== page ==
Mutiny Collective

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The Mutiny Collective is an anarchist collective in Sydney, Australia made notorious in the media after the 2006 G20 summit meeting in Melbourne in November 2006, when protest organiser Marcus Greville accused Mutiny and the Arterial Bloc of being responsible for the confrontations with police.[1] In the lead up to the APEC Australia 2007 meeting in Sydney in September, New South Wales Police Minister David Campbell accused Mutiny of preparing a training manual in violence and used this as justification for the strong security presence at APEC.[2]


The Mutiny Collective came together as an anarchist collective interested in direct action anti-war protest after the invasion and occupation of Iraq in 2003[3] and has organised or participated in a number of protests against corporations involved in the war in Iraq,[4] including office occupations.[5][6] The collective has participated in conferences such as the Sydney Social Forum in 2004, presenting papers or workshops on topics such as Profiting from the reconstruction of Iraq,[7] Re-colonising the Pond: Australia, New Zealand, and the G20's shadow over the Pacific,[8] and How Australian imperialism in the region fits into a neo-liberal context.[9] Since early 2006 Mutiny have published a monthly zine, called Mutiny - A Paper of Anarchistic Ideas and Actions, exploring Australian imperialism, disobedience and resistance in the Pacific.[10]

Smear Campaign[edit]

In an open letter by the Mutiny collective in May 2007, the group said that it had been "smeared by the corporate media and much of the left for action at the g20 summit".[11][12] The comments by Marcus Greville that allegedly implicated Mutiny in the confrontations with the police and blamed the violence on anarchists at the G20 protests were broadcast on ABC radio:

"The names of the groups are Arterial Bloc and a group called Mutiny." he said adding that "Above and beyond that, we don't have any information, because they organised externally to us."[1]

were picked up widely by the media,[13] as well as by conservative Christian NSW MP Reverend Fred Nile, who told the NSW parliament that "Organisers of the G20 protest said that members of Mutiny and Arterial Bloc were responsible for the violence."[14] The Mutiny Collective made it clear in that open letter that they were not "planning so-called 'violent protest' or know of some secret plans. We have no idea. Preparing for APEC protests has not been a priority for us as a group."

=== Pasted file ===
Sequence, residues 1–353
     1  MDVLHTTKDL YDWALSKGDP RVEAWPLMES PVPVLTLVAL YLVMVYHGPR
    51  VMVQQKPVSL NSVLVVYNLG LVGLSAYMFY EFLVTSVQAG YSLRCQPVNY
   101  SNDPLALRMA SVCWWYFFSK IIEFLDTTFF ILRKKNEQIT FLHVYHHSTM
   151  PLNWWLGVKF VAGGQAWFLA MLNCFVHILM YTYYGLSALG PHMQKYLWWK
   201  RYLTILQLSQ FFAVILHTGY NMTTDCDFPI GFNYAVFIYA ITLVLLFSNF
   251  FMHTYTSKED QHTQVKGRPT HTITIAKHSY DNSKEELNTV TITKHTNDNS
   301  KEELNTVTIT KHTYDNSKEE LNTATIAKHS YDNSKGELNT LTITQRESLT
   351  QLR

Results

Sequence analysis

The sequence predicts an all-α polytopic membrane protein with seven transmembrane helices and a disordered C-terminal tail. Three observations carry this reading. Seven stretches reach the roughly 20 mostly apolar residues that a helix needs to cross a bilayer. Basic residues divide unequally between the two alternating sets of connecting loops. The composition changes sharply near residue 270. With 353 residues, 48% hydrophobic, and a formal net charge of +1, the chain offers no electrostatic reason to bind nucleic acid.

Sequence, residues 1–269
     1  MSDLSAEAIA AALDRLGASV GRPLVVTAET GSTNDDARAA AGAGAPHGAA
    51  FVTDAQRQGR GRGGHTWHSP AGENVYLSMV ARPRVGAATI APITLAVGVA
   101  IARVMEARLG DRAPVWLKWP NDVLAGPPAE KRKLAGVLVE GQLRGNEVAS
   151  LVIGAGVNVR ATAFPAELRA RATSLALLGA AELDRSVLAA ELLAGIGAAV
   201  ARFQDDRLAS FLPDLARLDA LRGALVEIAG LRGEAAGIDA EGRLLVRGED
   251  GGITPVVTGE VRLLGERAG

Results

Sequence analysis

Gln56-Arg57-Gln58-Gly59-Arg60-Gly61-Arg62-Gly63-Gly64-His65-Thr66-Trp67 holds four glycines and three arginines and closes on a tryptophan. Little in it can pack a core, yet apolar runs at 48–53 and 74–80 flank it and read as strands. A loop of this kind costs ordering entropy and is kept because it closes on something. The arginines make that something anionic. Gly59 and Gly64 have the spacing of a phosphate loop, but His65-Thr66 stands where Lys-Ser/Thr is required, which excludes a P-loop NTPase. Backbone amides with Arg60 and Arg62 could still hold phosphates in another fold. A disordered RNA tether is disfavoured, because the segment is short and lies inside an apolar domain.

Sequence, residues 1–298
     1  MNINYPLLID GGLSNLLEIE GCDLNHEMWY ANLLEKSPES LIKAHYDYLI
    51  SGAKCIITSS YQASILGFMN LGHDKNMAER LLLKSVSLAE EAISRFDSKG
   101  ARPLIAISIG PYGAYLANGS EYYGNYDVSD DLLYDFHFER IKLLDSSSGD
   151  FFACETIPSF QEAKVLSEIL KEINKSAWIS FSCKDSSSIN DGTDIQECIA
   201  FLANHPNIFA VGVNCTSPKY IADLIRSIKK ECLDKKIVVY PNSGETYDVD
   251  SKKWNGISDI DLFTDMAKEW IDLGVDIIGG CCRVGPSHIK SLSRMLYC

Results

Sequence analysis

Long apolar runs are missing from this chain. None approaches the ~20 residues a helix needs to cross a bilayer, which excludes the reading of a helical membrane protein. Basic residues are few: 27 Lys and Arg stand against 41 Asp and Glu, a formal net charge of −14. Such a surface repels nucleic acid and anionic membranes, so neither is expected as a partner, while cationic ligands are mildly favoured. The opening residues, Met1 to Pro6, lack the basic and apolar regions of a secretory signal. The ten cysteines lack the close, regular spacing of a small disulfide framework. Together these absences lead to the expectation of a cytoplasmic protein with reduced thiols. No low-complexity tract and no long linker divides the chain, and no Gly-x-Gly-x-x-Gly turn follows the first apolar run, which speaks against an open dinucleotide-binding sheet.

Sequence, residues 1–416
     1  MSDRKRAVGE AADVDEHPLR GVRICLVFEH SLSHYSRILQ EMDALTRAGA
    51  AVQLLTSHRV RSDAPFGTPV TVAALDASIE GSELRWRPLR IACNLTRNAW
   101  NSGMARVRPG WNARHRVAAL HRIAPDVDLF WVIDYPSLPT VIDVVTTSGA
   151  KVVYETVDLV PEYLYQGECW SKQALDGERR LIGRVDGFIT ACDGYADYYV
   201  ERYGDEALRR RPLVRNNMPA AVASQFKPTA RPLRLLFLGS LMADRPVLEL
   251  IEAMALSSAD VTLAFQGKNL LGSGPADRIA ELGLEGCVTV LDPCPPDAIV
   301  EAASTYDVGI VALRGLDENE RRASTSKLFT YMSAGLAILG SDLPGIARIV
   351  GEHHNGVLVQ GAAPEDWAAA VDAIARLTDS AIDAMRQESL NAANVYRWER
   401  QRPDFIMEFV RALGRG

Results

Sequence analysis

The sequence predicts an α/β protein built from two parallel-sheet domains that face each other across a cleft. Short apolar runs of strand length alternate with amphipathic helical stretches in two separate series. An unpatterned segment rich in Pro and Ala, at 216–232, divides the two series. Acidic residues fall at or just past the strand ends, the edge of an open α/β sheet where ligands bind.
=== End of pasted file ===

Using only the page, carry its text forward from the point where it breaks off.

The open letter was part of the discussion on protest tactics with regard to civil disobedience and possible confrontation with the police at APEC protests. According to a Green Left report of a Stop Bush Coalition meeting on 30 April "members of the anarchist group Mutiny, the student-based Solidarity group and the International Socialist Organisation argued for, and won, a motion to remove the line 'Join the peaceful protest at APEC' from a poster advertising the rally." The motion was opposed by members of Resistance, the Socialist Alliance and Socialist Alternative.[15]

Anarchist and autonomist activists had organised a conference/workshop in Sydney to coincide with the APEC meeting, F.L.A.R.E. in the Void convergence 4–9 September 2007.[16] Five of the organisers of this conference were placed on the Police excluded person list for APEC declared areas.[17] A manual was published in association with the convergence detailing the "why and how of affinity groups, Forming affinity groups, Developing Shared intent, Hands on blockading and defence against police violence, and Practice scenarios", and also containing information on basic safety precautions for protests taken from manuals produced in North America and Europe.[18] The Daily Telegraph reported the manual advised protestors of how "to wear gas masks, goggles, running shoes and full-body clothing to protect from tear gas and capsicum spray. It also advises carrying water and a bandanna soaked in vinegar to combat the effects of pepper spray." The Mutiny collective contributed one article to the manual in which they were quoted by the Daily Telegraph "It is important to defy police attempts to frighten us," [19]